As young mother with another on the way, Nye had her first show, pulling together “jottings” from her notebooks and creating pieces from them. This is her description, from the show’s wonderful catalog:

“I had three weeks to prepare. I had a pretty good case of panic.The panic passed and I settled down to work. Since I am a poet, and the pieces had their genesis in words on a page, we called the show ‘Word Work.’”

Fortunately, some of the conceptual pieces that went into that show are here at the 50-Year Retrospective. They capture so well a time when what an artist wanted to do could be subtle, sweet, and simple — and iconoclastic — without needing to be a “grand idea” or “the next big thing.”

A few of the pieces, or as they came to be called in the movement, “events,” are “Word Work,” a box of electrically lit, poetic phrases shown via a mechanism known as a “crawl” (co-opted from banks and storefronts); “Language Boxes” containing double-faced word cards; and “Defrost the American Flag,” which features an American flag encased in slowly melting ice.

The “events” say what they want to say, with élan, and we move on. Fluxus.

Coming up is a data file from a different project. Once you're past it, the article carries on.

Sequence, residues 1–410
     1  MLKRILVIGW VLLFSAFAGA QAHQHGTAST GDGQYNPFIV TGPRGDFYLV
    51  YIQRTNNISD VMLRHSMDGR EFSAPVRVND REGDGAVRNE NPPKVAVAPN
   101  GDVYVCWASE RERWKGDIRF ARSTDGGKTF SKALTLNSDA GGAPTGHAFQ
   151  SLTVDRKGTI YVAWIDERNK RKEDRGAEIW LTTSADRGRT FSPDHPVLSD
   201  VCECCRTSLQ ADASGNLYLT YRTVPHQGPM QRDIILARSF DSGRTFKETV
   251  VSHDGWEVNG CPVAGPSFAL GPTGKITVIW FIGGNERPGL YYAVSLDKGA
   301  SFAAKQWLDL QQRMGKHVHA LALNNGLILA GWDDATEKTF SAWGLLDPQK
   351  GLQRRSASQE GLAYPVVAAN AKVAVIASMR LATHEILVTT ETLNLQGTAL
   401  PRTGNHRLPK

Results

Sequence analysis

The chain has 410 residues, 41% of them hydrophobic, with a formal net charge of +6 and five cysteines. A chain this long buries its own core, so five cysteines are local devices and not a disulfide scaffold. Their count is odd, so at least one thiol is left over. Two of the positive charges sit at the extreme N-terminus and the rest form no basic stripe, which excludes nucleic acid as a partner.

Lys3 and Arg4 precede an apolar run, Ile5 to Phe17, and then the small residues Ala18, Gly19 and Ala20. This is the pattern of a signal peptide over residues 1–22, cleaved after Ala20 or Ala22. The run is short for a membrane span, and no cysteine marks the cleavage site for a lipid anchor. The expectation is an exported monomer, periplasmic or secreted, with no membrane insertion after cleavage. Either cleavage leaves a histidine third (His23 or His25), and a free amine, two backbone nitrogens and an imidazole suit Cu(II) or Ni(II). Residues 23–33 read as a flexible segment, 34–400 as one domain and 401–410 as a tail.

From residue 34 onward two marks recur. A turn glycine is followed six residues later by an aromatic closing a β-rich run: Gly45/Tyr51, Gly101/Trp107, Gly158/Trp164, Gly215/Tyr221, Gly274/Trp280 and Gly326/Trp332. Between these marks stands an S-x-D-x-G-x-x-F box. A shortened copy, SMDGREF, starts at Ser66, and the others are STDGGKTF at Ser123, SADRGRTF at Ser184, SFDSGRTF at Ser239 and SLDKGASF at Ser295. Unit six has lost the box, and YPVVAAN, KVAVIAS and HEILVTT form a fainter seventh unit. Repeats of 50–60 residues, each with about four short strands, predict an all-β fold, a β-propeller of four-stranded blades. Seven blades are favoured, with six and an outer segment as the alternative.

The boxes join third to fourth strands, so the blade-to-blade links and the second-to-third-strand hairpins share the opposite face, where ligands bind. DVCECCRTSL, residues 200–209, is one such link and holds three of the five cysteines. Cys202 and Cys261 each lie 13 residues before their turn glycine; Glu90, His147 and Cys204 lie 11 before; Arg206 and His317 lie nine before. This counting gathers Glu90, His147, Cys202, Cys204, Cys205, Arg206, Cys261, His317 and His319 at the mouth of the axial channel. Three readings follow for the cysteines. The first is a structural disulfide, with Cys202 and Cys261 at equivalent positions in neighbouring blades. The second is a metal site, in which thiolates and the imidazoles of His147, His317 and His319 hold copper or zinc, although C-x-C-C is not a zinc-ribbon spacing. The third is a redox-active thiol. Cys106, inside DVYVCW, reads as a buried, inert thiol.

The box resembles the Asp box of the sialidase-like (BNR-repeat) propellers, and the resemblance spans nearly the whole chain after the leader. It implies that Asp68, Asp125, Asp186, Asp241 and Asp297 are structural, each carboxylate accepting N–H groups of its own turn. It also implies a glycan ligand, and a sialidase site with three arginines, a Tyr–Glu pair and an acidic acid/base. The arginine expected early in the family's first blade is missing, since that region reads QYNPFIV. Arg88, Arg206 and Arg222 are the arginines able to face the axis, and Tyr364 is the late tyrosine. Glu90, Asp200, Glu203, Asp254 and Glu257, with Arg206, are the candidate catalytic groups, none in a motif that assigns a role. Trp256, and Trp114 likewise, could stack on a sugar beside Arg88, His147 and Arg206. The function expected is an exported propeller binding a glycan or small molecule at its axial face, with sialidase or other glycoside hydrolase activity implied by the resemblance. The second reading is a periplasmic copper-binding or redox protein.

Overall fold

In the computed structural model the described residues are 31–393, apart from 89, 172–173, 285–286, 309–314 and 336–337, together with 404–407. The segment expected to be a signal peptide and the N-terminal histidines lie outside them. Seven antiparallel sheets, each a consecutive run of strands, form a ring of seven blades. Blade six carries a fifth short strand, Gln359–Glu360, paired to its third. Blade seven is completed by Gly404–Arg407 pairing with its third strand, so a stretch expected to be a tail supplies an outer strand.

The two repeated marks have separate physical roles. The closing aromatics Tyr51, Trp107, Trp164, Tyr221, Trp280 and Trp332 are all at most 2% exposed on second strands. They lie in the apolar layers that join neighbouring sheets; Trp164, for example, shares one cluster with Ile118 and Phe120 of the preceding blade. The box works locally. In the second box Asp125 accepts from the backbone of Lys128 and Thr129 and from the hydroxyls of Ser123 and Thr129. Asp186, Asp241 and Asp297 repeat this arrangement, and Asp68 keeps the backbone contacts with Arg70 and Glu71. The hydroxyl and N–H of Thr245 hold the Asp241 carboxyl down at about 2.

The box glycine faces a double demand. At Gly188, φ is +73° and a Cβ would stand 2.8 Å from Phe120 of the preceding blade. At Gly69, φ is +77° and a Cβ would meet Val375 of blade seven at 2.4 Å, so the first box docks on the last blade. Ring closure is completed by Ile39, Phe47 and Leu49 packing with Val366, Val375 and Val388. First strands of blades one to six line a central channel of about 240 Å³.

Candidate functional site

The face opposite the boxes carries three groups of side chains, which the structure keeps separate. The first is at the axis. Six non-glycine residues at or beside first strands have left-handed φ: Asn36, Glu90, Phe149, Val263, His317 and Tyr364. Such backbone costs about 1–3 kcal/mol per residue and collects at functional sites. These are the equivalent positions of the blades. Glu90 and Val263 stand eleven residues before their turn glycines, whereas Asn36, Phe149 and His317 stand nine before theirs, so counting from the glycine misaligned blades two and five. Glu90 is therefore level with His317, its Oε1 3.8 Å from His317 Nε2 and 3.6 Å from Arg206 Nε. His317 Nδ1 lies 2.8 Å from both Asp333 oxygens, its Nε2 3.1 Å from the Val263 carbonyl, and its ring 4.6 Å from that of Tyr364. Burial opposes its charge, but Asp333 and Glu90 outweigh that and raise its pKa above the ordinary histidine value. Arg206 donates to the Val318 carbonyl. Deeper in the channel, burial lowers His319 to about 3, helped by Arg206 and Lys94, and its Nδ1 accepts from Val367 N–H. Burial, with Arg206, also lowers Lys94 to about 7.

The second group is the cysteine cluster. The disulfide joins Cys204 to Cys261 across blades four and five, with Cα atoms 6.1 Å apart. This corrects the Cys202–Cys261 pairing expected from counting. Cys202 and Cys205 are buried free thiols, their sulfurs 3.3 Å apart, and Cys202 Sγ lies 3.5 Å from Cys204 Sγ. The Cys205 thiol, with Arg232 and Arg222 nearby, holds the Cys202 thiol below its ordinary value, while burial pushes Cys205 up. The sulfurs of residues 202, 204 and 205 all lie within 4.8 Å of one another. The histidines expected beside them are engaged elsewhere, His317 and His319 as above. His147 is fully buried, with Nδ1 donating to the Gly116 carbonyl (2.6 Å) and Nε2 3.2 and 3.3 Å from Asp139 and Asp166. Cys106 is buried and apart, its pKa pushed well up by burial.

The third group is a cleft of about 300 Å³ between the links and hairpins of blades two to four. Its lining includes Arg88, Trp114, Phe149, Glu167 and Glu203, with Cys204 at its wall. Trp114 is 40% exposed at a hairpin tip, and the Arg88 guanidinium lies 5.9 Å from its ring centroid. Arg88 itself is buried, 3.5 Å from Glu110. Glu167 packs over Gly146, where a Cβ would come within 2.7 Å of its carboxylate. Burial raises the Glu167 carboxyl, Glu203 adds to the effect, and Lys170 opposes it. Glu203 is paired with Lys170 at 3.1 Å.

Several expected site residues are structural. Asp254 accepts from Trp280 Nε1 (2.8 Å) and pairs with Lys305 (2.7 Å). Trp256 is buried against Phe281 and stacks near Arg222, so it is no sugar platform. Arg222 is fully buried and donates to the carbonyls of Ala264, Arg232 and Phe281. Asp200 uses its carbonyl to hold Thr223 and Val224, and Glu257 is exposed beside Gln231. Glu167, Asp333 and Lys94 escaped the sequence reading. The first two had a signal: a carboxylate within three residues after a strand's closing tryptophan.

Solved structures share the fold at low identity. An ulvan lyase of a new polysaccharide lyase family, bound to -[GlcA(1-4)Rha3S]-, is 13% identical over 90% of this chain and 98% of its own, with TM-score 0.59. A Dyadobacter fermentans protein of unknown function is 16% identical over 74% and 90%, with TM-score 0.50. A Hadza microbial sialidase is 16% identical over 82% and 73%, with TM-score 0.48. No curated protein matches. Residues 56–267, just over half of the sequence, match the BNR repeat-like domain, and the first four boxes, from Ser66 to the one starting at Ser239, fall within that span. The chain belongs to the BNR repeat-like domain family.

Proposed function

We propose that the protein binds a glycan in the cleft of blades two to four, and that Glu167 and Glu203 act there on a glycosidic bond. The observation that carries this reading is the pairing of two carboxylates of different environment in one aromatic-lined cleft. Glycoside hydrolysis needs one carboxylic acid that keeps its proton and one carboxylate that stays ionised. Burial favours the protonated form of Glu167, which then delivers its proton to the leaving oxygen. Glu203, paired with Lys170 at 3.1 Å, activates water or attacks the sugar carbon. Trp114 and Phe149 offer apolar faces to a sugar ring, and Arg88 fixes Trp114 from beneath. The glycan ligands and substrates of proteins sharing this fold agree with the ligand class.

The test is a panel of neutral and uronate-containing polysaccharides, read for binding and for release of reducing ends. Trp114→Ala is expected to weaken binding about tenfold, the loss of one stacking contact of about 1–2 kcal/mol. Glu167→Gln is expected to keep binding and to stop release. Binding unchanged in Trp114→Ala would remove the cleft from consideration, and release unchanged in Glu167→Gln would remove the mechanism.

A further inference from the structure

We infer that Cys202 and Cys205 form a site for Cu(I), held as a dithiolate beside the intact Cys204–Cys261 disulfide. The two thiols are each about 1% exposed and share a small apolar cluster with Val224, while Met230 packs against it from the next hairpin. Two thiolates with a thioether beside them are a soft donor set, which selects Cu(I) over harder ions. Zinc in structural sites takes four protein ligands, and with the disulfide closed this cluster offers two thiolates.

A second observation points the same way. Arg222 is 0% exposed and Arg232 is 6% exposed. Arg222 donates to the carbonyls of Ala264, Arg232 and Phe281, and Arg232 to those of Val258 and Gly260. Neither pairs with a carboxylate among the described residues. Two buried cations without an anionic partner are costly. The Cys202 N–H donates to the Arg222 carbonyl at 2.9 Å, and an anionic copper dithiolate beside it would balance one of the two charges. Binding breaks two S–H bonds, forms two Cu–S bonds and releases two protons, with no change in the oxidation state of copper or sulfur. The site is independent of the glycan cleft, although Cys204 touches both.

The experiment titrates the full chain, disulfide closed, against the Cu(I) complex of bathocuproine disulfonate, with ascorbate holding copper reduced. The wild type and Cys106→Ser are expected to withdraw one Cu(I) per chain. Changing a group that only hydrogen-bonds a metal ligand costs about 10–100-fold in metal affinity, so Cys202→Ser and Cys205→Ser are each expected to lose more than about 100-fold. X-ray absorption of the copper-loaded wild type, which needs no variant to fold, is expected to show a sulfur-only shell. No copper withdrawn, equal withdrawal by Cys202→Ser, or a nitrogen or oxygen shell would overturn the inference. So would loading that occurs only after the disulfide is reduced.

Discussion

Athough Ffarrabas clearly loves working with the “stuff” of everyday life, not for a moment does she believe in the object, seeing it as an opportunity to wake up: to wake us up. Speaking of Zen as a strong influence, things are unfettered from their usual context. Bones extracted during the making of oxtail soup make up a “family” of figures in several groupings; hubcaps become dinner plates.

Besides a call to personal freedom, there was a strong disenchantment with conventional politics and religion. The Vietnam War was raging, and civil rights battles were being waged.

From an email sent by the artist: “Another aspect of Fluxus works is the pervasive irreverence and absolute refusal to observe the niceties of middle-class values, of religious piety, or knee-jerk patriotism, and of “pretty” (and undisturbing) art.”

She continues: “But, at the same time, everything is in some way sacred. Or special. Or weird. Or precious. And almost anything can be seen in another light. This makes life interesting and suggests new names, faces, and use for old thingamabobs.”

The thingamabobs in “Nye Ffarrabas: A Walk on the Inside” will delight and perhaps, occasionally, appall: a little like going into a carnival funhouse.

“I have many times gotten into trouble for something I didn’t do,” says Ffarrabas, while describing a performance piece in which she washes baby diapers in a basin and hangs them on a line to dry. One is dyed blue and painted with the emblem of the United Nations. Called “Universal Laundry,” the piece was performed in Central Park.

Although the diapers were clean from the start, several people complained to the police that the performer was throwing dirty wash water into the Central Park pond.

Speaking of the piece as it is installed at the gallery, Ffarrabas points up the problem with art that is 50 years old: “I have to explain this to people. They don’t know those are cloth diapers hanging; they’ve never seen one.”